Ask the Doc: Q & A with Edward Kasarskis, MD, PhD
Edward Kasarskis, M.D., Ph.D. is Director of the multidisciplinary ALS Center at the University of Kentucky Neuroscience Center in Lexington, Kentucky, professor in the Department of Neurology at the University of Kentucky, and Chief of Neurology at the VA Medical Center in Lexington KY.
What Do Fasciculations or Muscle Twitching Mean?
Q: Many people who have muscle twitching worry that they have ALS since it’s often associated with the disease. If a person has muscle twitches a lot, or even daily, could it be the beginning of ALS?
A: Muscle twitching is very common, especially when people have had too much coffee, too much stress, or not enough sleep. Does this sound familiar?
Of course, the first thing many people do when they have a symptom is to run to the computer to see what Dr. Google has to say about it. I just did that and I got 1,390,000 results in 0.25 seconds. One of the first items that popped up was a Wikipedia definition leading to the term "fasciculations," (which means muscle twitching), suggesting the symptoms could be associated with ALS. And then of course it’s natural to panic. So if you were not under stress at the start before you went to the Internet, you certainly would be after consulting Dr. Google.
But take a breath. There are many things that can cause muscle twitching, including fatigue, anxiety, or even a pinched nerve in the spine. Muscle cramps, too, are very common, and can be caused by such things as over-exertion or even dehydration. Just watch any basketball game: it seems there’s always somebody on the floor dealing with a significant leg cramp.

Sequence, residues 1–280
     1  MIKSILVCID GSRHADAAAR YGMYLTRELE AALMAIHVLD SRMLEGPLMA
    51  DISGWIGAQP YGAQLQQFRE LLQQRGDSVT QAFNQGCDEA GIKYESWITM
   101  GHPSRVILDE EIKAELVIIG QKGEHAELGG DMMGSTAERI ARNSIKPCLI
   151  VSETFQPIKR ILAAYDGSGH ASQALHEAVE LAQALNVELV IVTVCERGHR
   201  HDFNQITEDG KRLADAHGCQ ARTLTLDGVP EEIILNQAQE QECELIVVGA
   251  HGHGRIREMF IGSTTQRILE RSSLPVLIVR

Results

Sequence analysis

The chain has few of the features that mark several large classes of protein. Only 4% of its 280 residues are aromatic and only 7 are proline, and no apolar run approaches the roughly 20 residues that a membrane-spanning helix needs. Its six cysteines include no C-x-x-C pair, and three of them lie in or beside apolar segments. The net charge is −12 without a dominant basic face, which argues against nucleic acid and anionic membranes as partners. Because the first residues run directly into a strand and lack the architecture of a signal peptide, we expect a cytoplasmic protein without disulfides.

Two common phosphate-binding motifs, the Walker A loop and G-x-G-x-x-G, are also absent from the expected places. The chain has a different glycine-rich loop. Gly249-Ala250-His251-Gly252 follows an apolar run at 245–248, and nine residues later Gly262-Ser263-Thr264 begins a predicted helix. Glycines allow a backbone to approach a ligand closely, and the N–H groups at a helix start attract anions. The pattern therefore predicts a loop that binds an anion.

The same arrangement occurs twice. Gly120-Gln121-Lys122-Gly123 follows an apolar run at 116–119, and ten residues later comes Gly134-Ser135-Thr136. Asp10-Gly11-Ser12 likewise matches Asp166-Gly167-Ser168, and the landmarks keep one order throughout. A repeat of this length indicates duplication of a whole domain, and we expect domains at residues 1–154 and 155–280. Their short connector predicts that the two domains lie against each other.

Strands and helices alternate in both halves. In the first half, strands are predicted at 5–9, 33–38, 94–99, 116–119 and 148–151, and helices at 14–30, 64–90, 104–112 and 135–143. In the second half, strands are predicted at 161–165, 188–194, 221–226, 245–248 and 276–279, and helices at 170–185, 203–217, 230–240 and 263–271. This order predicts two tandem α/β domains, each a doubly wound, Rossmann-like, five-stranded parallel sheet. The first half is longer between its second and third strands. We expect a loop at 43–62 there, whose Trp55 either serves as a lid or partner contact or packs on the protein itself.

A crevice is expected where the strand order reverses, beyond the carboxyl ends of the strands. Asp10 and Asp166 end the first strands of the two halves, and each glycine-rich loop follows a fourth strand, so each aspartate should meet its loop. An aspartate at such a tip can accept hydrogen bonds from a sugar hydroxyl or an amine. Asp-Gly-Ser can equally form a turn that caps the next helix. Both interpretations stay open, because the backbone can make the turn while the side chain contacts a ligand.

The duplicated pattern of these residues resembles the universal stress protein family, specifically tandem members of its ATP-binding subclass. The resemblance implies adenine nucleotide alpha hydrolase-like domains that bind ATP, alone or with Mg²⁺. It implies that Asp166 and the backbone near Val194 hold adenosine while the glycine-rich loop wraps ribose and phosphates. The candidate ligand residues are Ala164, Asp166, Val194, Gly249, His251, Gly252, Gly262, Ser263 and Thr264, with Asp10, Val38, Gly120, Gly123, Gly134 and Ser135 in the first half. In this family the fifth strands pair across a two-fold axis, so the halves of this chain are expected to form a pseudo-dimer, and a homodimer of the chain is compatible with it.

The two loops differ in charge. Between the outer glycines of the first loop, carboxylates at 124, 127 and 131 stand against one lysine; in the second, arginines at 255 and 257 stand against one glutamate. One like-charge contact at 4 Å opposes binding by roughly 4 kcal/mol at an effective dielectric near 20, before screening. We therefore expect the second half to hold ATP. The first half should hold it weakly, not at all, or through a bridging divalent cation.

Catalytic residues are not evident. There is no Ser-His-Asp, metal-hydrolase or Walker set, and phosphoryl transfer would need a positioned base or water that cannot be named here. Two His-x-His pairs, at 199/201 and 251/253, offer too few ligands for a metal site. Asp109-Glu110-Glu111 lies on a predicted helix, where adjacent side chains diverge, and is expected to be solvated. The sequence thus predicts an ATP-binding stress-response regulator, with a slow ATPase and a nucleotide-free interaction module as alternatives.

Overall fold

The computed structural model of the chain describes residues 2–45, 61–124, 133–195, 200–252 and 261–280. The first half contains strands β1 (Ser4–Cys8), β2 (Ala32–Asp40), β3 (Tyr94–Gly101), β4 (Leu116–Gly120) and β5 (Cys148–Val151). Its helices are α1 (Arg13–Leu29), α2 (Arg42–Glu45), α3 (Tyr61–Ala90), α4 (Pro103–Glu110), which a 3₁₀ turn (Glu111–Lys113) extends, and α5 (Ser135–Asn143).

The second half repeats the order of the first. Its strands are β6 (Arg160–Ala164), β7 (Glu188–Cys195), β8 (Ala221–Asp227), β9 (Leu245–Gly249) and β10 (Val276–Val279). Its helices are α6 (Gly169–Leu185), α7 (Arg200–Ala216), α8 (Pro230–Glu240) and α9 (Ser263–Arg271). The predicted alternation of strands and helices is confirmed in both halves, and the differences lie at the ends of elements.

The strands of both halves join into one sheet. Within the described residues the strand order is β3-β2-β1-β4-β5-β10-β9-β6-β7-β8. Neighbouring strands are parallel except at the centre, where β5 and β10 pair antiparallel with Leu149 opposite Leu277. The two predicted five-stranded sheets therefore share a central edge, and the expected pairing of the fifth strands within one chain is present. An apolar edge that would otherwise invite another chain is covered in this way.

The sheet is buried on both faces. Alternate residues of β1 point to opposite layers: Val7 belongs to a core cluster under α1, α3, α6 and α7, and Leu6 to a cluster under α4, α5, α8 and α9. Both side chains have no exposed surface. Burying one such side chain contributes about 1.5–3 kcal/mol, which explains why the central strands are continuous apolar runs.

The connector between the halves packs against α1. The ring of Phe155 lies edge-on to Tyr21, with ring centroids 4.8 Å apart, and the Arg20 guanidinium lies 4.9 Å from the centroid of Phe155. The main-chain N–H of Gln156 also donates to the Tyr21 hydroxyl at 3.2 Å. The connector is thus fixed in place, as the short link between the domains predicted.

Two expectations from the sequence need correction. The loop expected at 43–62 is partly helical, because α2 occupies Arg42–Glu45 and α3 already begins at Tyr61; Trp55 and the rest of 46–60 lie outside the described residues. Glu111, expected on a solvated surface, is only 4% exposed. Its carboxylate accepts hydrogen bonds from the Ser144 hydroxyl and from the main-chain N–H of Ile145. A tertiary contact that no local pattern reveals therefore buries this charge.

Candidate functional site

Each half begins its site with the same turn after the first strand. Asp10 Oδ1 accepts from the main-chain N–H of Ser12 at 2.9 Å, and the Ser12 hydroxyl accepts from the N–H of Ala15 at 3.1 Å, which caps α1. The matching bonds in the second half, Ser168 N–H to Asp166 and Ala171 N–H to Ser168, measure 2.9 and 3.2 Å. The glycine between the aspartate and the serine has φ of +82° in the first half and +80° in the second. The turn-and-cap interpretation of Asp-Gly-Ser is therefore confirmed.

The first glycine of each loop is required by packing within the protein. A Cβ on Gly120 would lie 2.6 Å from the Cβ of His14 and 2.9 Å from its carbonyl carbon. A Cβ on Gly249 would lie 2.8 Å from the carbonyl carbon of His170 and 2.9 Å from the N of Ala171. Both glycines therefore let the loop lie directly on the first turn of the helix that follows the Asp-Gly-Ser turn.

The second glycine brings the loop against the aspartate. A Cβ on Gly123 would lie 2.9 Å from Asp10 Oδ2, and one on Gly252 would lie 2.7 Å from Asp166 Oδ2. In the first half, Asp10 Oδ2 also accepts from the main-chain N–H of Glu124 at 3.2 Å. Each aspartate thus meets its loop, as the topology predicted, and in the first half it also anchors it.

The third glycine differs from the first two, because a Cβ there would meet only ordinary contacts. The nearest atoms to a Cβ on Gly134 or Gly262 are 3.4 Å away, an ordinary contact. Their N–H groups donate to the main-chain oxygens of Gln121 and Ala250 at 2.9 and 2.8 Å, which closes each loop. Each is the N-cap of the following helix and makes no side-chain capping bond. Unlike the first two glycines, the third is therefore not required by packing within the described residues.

Symptoms such as muscle twitching and muscle cramps don’t tell you much just by themselves; they are very common and non-specific. To diagnosis ALS, a physician needs to see signs of progressive muscle weakness.
What causes fasciculations? They originate at the very tips of the nerves, called axons, as they come close to being in contact with the muscle. The tips of the axons are thought to be overly sensitive to depolarizing (electrical firing), which is what triggers a muscle to contract. When a nerve fires, zillions of times a day upon request, an electrical impulse starts in the nerve, moves out toward the muscle, triggers the release of a chemical (acetylcholine) that "swims" across the gap between the nerve axon and the muscle, and binds to a receptor on the muscle causing it to fire. The complicated process itself takes a small fraction of a second. If any of this happens involuntarily, then the muscle fiber contracts without your permission and behold, a muscle twitch or fasciculation!
Some people with ALS wonder if the presence of muscle twitching means they have a bad or fast-moving version of the disease. In fact, having fasciculations doesn't correlate with how rapidly the disease progresses.
I would suggest most people with fasciculations or muscle cramps wait a few months although there’s no hard and fast rule -- before seeking a medical evaluation. Often the twitching or cramping will just stop on its own. If it doesn’t, it makes sense to get your problem evaluated.
An internist or a neurologist will ask you some questions, learn more about what you’ve been experiencing, and hold your limb in a relaxed position and study the twitching. He or she may then want you to have a muscle test (an EMG) to better understand what could be going on. Blood tests might be needed as well.
Often, the results will look normal but the doctor may suggest waiting a little longer to see if anything further develops over the next few months. Even in the 21st century, there is sometimes no instant test or procedure that can give you a clear answer about a problem. With fasciculations, this is certainly the case.
Waiting is a challenge for most people, but the odds are heavily in your favor that you don't have ALS. As they say, "common things are common," and ALS is not common, especially when compared to excessive caffeine use and stress.
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